American Heritage® Dictionary of the English Language, Fourth Edition
- n. A tall, aquatic, Mediterranean sedge (Cyperus papyrus) having numerous drooping rays grouped in umbels. Also called Egyptian paper rush, paper plant.
- n. A material on which to write made from the pith or the stems of this sedge, used especially by the ancient Egyptians, Greeks, and Romans.
- n. A document written on this material.
Century Dictionary and Cyclopedia
- n. The paper -reed or -rush, Cyperus Papyrus (Papyrus antiquorum), abounding on marshy river-banks in Abyssinia, Palestine, and Sicily, now almost extinct in Egypt. It afforded to the ancient Egyptians, and through them to the Greeks and Romans, a convenient and inexpensive writing-material. The papyrus was prepared by cutting the central pith of the reed into longitudinal strips, which were laid side by side, with another layer of strips crossing them at right angles. The two layers, thus prepared, were soaked in water, theu pressed together to make them, adhere, and dried. For books the papyrus was formed into rolls by cementing together a number of sheets. Also called
- n. An ancient scroll, book, or other document, or a fragment of the same, written on papyrus.
- n. A plant in the sedge family, Cyperus papyrus, native to the Nile river valley.
- n. A material similar to paper made from the papyrus plant.
- n. countable A scroll or document written on papyrus.
GNU Webster's 1913
- n. (Bot.) A tall rushlike plant (Cyperus Papyrus) of the Sedge family, formerly growing in Egypt, and now found in Abyssinia, Syria, Sicily, etc. The stem is triangular and about an inch thick.
- n. The material upon which the ancient Egyptians wrote. It was formed by cutting the stem of the plant into thin longitudinal slices, which were gummed together and pressed.
- n. A manuscript written on papyrus; esp., pl., written scrolls made of papyrus.
- n. paper made from the papyrus plant by cutting it in strips and pressing it flat; used by ancient Egyptians and Greeks and Romans
- n. a document written on papyrus
- n. tall sedge of the Nile valley yielding fiber that served many purposes in historic times
- From Latin papȳrus, from Ancient Greek πάπυρος (papuros), of unknown origin. (Wiktionary)
- Middle English papirus, from Latin papȳrus, from Greek papūros. (American Heritage® Dictionary of the English Language, Fourth Edition)
“Specially characteristic of Egypt, though not altogether peculiar to it, were the papyrus and the lotus -- the _Cyperus papyrus_ and _Nymphæa lotus_ of botanists.”
“The Egyptian byblus or papyrus (_Cyperus papyrus_) was perhaps the most valuable of all the vegetables of the Empire.”
The Seven Great Monarchies Of The Ancient Eastern World, Vol 5. (of 7): Persia The History, Geography, And Antiquities Of Chaldaea, Assyria, Babylon, Media, Persia, Parthia, And Sassanian or New Persian Empire; With Maps and Illustrations.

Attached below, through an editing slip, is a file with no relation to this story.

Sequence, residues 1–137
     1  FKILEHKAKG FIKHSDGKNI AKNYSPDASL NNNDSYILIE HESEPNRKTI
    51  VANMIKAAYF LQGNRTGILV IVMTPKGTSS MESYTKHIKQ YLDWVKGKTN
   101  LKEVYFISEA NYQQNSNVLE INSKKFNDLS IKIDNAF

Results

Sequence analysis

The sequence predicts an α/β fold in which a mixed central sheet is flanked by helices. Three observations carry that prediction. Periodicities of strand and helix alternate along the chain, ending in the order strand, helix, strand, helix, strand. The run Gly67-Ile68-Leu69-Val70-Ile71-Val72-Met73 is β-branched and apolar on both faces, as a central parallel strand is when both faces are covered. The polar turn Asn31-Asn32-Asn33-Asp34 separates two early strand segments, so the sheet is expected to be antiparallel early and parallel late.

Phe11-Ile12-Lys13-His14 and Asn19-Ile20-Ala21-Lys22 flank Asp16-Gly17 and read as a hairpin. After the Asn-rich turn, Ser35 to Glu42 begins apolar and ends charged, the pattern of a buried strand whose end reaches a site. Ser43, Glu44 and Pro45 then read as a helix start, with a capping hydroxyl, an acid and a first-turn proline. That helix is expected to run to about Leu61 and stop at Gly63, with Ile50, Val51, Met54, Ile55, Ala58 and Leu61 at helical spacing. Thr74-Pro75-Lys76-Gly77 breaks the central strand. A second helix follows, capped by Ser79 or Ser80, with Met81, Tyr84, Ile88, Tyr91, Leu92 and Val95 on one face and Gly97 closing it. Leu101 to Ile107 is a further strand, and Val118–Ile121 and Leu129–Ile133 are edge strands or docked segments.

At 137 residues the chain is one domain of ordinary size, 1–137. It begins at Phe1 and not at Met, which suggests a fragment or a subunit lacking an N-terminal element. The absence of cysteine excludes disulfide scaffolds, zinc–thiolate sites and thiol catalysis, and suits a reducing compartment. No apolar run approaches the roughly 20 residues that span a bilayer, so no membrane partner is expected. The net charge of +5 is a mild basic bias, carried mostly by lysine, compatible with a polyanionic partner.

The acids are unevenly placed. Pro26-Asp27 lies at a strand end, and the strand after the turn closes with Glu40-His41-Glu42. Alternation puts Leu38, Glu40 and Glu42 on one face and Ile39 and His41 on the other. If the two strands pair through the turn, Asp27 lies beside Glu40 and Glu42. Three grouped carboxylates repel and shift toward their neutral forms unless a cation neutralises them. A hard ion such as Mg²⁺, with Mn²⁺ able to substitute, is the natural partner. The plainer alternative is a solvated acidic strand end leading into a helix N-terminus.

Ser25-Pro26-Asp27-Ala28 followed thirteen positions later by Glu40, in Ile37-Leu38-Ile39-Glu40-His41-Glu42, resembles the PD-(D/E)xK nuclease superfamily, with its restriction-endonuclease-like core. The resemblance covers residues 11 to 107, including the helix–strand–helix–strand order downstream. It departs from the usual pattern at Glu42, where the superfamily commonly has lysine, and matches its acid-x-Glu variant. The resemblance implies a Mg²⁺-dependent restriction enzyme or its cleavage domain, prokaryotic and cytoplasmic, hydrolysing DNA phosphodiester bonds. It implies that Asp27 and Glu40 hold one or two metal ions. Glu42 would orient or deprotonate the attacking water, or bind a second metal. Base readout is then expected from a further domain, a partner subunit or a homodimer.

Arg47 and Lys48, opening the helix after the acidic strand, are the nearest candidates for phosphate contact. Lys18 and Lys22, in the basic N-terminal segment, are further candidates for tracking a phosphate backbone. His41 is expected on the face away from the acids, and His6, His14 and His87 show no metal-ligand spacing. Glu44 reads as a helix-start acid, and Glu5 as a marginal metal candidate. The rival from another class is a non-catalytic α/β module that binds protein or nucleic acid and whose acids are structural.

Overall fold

“This papyrus is the property of the Egypt Exploration Fund, and Prof. Eugène Revillout, of the Egyptian Department of the Louvre, has undertaken to translate it.”
“Also any menu written in papyrus font immediately turns me off to its food.”
“Her head and her beautiful black hair are now in the Ethnographical Department of the Natural History Museum at South Kensington, and her precious papyrus is in the Bodleian Library at Oxford.”
“That papyrus is now among the treasures of the Bodleian Library at Oxford, and all that is preserved of its possessor – her skull and her lovely hair – are now in the South Kensington Museum, London.”
“There, below "papyrus" -- and just above paquebot* -- the French words in between yielded the answer:”
“There, below "papyrus"--and just above paquebot*--the French words in between yielded the answer:”
“The manuscript itself is a little roll of papyrus, which is a kind of thick paper made from beaten reeds, very commonly used in ancient Egypt and the whole Middle East, apparently, though very little of it has survived.”
“There is a papyrus in the British Museum containing medical prescriptions which was written about 1200 B.C.; and the famous EBERS papyrus, which is devoted to medical matters, is reckoned to date from about the year 1550 B.C.”
These user-created lists contain the word ‘papyrus’.
A collection of words found in English that are either purely Greek or have Greek etymology.
Please add with caution and certainty. Will be regularly updated by me.
A complete Barron's Wordlist for GRE preparation. Your online flashcard replacement.
Culturally defined terms and expressions from the four corners of the world
words about central ideas and actions
an immense, grandiloquent list that loads like a thousand years sentence in stone. new words are in the other lists.
Adjectives used in actual (non-taxonomic) bird names, past and present.
Looking for tweets for papyrus.